I'd absolutely try out my set up in the back yard if I had one, but all I've really got is a small patio, I live in a condo. There isn't really anywhere for me to hang a hammock. On the other hand there is a small woodlot beside my parent's house that would make for a good place..........

The reason I'm rather set on using a hammock is because I'm planning on getting one anyway, and I don't know where I can rent a four season tent. Open_side_Up when you suggest a tarp, which I happen to have, are you suggesting that in addition to the rain fly/cover that the hennessy hammocks already come with? What is the reasoning behind that? Is it to act as an extra wind break?

The balaclava is a good suggestion, I have a couple of those that I use for work, and could (maybe?) double in place of the hat? Or should I use the hat and bala?

I know about the insulation from below, and that sleeping directly on it will lose me some or all insulation value. I've thought about renting a second winter bag and seeing if I could macgyver something up to hang it underneath the hammock without damaging either the hammock or the bag. We'll see what I can come up with.

One thing that didn't occur to me until recently, I was figuring "its only one night and we're going to be close to civilization", but thanks to those who replied, for indirectly reminding me that it only takes one night to get in to trouble.


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PostPosted: December 3rd, 2016, 1:35 pm 
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Scapulataf, I think that you're making your winter camping project a lot more difficult and less likely to be successful by basing it around a hammock. I think you'd be better off sleeping on the ground in any tent. But if you insist on sleeping in a hammock, I suggest that you experiment with putting an insulating layer into the hammock under your sleeping bag. You could fold a couple of blankets into a narrow rectangle, but I suspect that they would get bunched up and twist out of place as you turn over at night (assuming that turning over is even possible in your hammock). You could put a thermarest-style pad into the hammock. Such a sleeping pad would stay in place when you move, but those pads tend to be pretty slippery, which might be a problem in a hammock.


Last edited by pmmpete on December 3rd, 2016, 5:33 pm, edited 1 time in total.

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PostPosted: December 3rd, 2016, 2:54 pm 
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To winter camp in comfort, get a tent with a stove! The white tent in the pictures shown below is a Kifaru single pole tipi with a folding wood stove, and a stove pipe which rolls up into a cylinder about a foot long and three inches in diameter. These are light enough to backpack, and I have friends who use them for hunting in the fall. We have also taken a Kifaru tent and stove on early spring kayak trips. The disadvantage of heating a tent with a wood stove is that you have to get wood and reduce it to small enough pieces to fit in the stove, and you have to monitor and feed the stove a lot. And the disadvantage of a tent without a floor is that you need to lay down tarps or ground cloths to keep your clothing and gear dry.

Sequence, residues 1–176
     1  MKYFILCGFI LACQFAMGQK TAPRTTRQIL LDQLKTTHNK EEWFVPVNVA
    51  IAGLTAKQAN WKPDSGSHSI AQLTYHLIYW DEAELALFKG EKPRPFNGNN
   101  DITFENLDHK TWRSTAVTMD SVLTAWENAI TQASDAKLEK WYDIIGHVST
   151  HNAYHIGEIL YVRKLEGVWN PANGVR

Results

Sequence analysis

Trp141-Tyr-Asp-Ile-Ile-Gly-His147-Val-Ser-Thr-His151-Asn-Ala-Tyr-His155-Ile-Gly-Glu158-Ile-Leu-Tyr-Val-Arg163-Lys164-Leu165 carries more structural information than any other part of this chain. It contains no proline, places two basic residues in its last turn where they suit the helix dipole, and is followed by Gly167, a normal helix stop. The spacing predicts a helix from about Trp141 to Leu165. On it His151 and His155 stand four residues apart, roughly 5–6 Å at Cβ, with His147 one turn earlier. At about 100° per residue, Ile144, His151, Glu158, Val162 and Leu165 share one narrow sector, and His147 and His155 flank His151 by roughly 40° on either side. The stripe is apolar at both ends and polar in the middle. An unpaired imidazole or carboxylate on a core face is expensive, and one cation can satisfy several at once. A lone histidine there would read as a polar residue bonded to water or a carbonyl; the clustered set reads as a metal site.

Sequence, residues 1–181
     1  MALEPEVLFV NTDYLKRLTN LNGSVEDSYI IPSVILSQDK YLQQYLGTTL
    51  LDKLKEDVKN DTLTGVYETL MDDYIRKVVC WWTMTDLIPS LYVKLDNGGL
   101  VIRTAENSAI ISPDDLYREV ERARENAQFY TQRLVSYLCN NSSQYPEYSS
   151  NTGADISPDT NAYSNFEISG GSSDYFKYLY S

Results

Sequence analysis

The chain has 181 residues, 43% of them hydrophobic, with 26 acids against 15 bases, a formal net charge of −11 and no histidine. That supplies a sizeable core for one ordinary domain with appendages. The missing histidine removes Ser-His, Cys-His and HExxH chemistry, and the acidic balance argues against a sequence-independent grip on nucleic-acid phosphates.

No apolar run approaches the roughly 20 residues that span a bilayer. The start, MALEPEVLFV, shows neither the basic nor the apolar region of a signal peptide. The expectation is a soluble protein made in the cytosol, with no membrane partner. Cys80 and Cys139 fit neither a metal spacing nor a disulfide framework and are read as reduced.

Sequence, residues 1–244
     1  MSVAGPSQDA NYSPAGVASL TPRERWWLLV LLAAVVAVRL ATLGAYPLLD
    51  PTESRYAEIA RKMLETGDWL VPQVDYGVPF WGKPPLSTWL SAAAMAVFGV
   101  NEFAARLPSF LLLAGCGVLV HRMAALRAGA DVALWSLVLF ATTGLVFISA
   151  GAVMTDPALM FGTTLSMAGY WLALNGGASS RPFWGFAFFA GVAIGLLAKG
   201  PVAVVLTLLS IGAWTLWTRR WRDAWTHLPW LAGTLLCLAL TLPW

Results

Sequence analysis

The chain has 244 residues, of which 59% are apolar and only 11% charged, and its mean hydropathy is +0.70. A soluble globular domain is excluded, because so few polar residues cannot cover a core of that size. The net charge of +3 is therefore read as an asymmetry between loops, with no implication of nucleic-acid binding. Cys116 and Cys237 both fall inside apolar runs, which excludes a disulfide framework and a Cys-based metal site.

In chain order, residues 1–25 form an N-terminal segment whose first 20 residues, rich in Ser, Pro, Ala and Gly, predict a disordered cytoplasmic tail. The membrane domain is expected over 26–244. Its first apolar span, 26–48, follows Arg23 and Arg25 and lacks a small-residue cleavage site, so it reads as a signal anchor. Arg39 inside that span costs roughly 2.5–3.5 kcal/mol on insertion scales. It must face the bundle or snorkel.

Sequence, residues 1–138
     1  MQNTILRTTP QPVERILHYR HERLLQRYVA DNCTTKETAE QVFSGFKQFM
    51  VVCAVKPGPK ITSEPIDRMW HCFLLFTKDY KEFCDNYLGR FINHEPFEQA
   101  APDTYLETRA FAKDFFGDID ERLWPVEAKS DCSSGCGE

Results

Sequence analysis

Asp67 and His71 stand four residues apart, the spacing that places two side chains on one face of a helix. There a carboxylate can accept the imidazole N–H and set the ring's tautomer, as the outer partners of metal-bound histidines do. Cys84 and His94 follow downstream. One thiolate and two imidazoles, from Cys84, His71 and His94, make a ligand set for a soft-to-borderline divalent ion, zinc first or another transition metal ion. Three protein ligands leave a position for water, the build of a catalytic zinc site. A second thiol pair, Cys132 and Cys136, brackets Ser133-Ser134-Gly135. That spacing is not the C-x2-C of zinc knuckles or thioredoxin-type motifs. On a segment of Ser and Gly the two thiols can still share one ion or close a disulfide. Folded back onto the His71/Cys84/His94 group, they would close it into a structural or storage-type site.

The green dome tent is my four-season Cabelas tent, which is tall enough to stand up in, and has a floor. I use a propane heater, stove, and lantern in the tent, fed by a small propane tank. It's warm and dry, kind of like a portable yurt. This setup is a lot less hassle than a wood-heated tent, but is too big to backpack. I transport it in a trailer behind my snowmobile.

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Here is a Kifaru tipi in action in the winter.

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Here is a Kifaru tipi in action on a cold spring kayak trip on the Jarbidge and Bruneau Rivers in Idaho. We paddled through snow and sleet on the first day. The stove felt pretty nice!

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The propane heater and lantern for my propane setup are off to the right of this picture, and the propane tank is outside the tent. The lantern is mounted on a mast so the light shines down on the floor of the tent.

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My propane-assisted winter camping setup is a bit big to backpack.

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PostPosted: December 4th, 2016, 12:14 am 
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I used to paddle with a Newfoundland. He was a solid CIII dog. With him snuggled up next to me, I didn't even need to zip my bag unless it got down close to zero. You can't get a 160# dog into a hammock. I haven't tried a Hennessy, but I quit sleeping in hammocks after I was about 25. My back didn't appreciate it anymore.

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PostPosted: December 5th, 2016, 5:51 pm 
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Lots of good information so far. I have some experience camping in the cold; several canoe trips in November- December, as well as sleeping in the back field in the dead of winter. All have been with a 3 season tent and a -18 (celsius) rated sleeping bag. Keep in mind bag ratings are usually about 10 degrees celsius higher than what they state. They state the maximum rating, not the 'comfort' rating.